Fruits and vegetables are both real nourishment items in their own particular right and key fixings in many handled foods. There has been developing examination on their significance to wellbeing and procedures to protect the healthful and tangible qualities wanted by buyers. This real gathering outlines a portion of the key topics in this current research. Adopting a multidisciplinary strategy, this work examines the fundamentals and late developments in fresh-cut foods grown from the ground handling. It tends to logical advance in the fresh-cut range and talks about the business and the market for these products. They likewise inspect advancements in making sound and alluring items. Utilization of inventive bundling innovation that could enhance item quality and timeframe of realistic usability, new natural product blends with more assortment, consolidation of flavors, or the utilization of steamer sacks for vegetables are only a couple of contemplations that could grow the business sectors of fresh-cut items. With its attention on science, including biochemical, physiological, microbiological, and quality angles, and in addition heath contemplations and customer science, this book gives an account of front line propels and the down to earth utilizations of these advances.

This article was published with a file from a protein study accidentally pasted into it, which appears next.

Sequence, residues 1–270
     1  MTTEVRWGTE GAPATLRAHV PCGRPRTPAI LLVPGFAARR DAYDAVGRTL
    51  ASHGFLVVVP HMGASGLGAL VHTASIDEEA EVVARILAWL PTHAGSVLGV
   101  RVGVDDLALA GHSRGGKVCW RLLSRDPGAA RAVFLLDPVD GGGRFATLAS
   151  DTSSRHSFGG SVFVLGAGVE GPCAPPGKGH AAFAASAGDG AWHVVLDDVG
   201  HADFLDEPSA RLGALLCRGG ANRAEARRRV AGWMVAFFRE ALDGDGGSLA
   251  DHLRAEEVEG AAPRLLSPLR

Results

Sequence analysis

This book has been updated and expanded to give more complete coverage than the earlier edition. Like the earlier edition, it emphasizes basic scientific principles in volved in production of processed meat and poultry products. In addi tion, many product formulations and processing procedures that have been tested under commercial conditions are included. Intended as a university text for advanced undergraduate and grad uate students enrolled in the meat processing course, it is hoped that this book will also prove useful as a reference book to industry and government scientists and researchers engaged in or associated with meat and poultry processing. A. M. Pearson F. W. Taubert tDeceased 1 Introduction to Meat Processing Meat processing as discussed in this text includes all processes uti lized in altering fresh meat except for simple grinding, cutting, and mixing. In the broadest sense, this includes curing, smoking, canning, cooking, freezing, dehydration, production of intermediate-moisture products, and the use of certain additives such as chemicals and en zymes. However, the definition excludes cutting, grinding, and pack aging of fresh meats in retail stores and in homes. In this way, the definition differentiates between (1) those processes that enter into the preservation and manufacturing of meat products, and (2) those that alter the form of fresh meat in preparation for consumption.